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russell_314

macrumors 603
Feb 10, 2019
6,137
9,181
USA
Great video! Just as a tip for future videos maybe have the Mac mini not moving behind the text. It was making me dizzy but maybe that was just me.
 

mikeboss

macrumors 68000
Aug 13, 2009
1,518
791
switzerland
to know the power consumption with an active 10 Gb/sec connection would be very interesting. to my knowledge, no software can read the power consumption of the entire mac mini. peripheral components like the SSD or the NIC only have temperature sensors. the values displayed in a software regarding power consumption only refer to the SoC. so, in order to get meaningful values, you would have to measure what the machine draws from the mains socket.
 

DRDR

macrumors regular
Original poster
Jul 23, 2008
210
195
to know the power consumption with an active 10 Gb/sec connection would be very interesting. to my knowledge, no software can read the power consumption of the entire mac mini. peripheral components like the SSD or the NIC only have temperature sensors. the values displayed in a software regarding power consumption only refer to the SoC. so, in order to get meaningful values, you would have to measure what the machine draws from the mains socket.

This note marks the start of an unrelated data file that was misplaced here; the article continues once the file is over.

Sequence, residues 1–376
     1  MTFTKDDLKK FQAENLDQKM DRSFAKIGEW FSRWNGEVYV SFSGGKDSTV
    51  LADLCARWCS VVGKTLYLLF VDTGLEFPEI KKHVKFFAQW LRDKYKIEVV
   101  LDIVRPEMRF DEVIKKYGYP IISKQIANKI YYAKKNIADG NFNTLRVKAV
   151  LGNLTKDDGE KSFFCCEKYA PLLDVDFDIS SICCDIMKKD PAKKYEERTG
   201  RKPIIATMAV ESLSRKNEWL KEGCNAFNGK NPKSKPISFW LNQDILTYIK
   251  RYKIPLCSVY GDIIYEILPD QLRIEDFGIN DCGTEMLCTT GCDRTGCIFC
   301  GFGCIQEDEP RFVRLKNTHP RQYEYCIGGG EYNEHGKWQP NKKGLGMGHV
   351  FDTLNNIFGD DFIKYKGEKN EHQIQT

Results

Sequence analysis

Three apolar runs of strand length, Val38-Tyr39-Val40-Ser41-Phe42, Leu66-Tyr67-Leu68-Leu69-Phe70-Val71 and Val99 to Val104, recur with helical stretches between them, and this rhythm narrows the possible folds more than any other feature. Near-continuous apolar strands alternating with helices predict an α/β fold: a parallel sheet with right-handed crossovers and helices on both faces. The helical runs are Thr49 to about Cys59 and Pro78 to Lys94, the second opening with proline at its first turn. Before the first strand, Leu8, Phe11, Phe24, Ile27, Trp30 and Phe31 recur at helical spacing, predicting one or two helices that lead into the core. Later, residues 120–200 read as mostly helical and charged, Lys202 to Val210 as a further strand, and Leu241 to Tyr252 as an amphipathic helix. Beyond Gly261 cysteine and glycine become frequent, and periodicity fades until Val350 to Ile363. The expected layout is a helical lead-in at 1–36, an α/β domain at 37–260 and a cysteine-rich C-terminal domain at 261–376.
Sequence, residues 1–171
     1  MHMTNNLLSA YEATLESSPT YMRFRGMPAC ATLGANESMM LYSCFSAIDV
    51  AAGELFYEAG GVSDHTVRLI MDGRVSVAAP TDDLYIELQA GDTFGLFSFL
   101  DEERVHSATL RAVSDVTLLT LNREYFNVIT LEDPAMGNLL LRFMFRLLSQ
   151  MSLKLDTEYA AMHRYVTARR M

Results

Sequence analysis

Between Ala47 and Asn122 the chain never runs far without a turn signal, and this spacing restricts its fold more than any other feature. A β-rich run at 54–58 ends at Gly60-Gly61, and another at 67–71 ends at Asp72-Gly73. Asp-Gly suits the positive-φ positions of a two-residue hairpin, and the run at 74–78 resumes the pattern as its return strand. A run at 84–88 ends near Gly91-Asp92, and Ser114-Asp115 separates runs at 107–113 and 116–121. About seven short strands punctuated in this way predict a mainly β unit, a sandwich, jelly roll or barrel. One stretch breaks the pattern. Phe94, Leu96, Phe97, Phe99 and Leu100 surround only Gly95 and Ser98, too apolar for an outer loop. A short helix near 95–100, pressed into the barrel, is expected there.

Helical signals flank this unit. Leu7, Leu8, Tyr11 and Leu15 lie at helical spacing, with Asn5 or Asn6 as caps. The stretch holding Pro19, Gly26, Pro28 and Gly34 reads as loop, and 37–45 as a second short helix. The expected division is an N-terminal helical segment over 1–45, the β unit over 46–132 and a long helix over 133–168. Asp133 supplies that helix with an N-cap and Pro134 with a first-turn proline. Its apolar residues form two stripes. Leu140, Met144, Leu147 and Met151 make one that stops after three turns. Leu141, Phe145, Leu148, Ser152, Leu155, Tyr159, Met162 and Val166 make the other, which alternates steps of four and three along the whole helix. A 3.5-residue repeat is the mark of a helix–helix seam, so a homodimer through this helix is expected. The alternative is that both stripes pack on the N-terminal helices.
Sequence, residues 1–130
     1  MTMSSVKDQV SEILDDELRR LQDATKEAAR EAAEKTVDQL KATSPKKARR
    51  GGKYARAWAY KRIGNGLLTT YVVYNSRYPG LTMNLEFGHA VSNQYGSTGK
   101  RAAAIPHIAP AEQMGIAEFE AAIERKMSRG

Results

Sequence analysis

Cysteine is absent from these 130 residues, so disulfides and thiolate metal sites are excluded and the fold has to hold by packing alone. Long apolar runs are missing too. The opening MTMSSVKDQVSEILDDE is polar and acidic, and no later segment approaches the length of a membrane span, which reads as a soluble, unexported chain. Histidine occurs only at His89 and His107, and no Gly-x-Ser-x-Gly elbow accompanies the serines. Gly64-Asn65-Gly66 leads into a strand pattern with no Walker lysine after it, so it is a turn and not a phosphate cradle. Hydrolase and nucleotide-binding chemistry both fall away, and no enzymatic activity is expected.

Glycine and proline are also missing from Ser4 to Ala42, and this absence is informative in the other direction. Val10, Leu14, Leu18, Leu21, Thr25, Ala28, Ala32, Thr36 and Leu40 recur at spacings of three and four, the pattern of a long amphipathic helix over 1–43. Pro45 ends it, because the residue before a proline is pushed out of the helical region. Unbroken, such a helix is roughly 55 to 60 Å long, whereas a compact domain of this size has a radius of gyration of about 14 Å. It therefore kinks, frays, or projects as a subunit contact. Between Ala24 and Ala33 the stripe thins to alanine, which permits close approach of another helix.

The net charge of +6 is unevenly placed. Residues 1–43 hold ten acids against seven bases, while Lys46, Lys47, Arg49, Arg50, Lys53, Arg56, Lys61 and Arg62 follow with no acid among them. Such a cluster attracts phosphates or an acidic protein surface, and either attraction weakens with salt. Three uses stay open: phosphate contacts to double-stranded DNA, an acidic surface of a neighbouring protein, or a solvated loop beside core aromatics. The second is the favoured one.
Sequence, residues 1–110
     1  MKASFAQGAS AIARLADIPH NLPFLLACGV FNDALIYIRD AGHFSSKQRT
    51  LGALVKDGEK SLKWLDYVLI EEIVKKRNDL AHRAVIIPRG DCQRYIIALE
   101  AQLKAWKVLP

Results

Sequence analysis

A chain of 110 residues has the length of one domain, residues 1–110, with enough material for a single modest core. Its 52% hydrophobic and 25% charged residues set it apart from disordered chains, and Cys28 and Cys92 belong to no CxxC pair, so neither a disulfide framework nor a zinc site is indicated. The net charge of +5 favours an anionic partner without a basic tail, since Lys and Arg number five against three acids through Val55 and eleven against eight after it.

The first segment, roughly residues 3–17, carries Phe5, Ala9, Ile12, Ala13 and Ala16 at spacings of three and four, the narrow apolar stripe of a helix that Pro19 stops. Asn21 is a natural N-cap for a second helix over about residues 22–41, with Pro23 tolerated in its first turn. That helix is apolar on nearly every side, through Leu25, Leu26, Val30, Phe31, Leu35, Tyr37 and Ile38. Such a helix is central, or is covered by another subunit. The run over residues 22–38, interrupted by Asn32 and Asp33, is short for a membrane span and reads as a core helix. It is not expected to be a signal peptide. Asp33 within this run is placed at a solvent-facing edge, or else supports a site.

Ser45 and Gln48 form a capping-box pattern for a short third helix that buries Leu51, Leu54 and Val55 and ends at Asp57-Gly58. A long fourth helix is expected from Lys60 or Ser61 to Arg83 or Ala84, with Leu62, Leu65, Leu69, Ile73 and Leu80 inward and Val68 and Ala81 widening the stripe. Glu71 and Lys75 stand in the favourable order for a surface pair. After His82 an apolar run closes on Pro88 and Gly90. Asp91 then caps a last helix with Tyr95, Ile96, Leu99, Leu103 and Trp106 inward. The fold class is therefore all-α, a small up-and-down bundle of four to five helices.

To my knowledge "total power" is the total AC power coming into the machine.
 

mikeboss

macrumors 68000
Aug 13, 2009
1,518
791
switzerland
AFAIK, "total power" means power consumed by the package (M1/M2 XXX plus RAM). we'll see... will be interesting to see what your measurement with the kill-a-watt says. according to your logic, connecting an external device (for example a Thunderbolt SSD) would show up in the software...
 
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DRDR

macrumors regular
Original poster
Jul 23, 2008
210
195
I tested it with a Fibaro Wall plug which was giving my power readings every second. I let a run at 1,000 Mb/s, 2,500 Mb/s, 5,000 Mb/s and 10.000 Mb/s for one minute each, running Network Speed Test to a my Mac Studio to saturate the connection. The total power draw at the socket stayed at 15.5 W at all the time, will the iStat Menu power was around 12,3 W. So the energy consumption for 10 Gbit/s seems to be negligible. Which I cannot say for the Sonnet TB3 10 Gbit/s adapter I used before. Crazy!
 
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mikeboss

macrumors 68000
Aug 13, 2009
1,518
791
switzerland
I assume that apple uses the same chip (Marvell AQtion AQC113) as in the Mac Studio. according to this article

the max. power consumption is 2.5 Watts (3.3V, 762mA) which is a fraction of what the Thunderbolt 10 Gb/s adpaters used to consume. thanks for conducting these tests!
 
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DRDR

macrumors regular
Original poster
Jul 23, 2008
210
195
Thanks for motivating me!

The power stayed at 15.5 W when only running the network test app. When I open the App Store it jumped to over 20 W. When doing nothing it went as low as 10.9 W and sometimes under 10 W.
 
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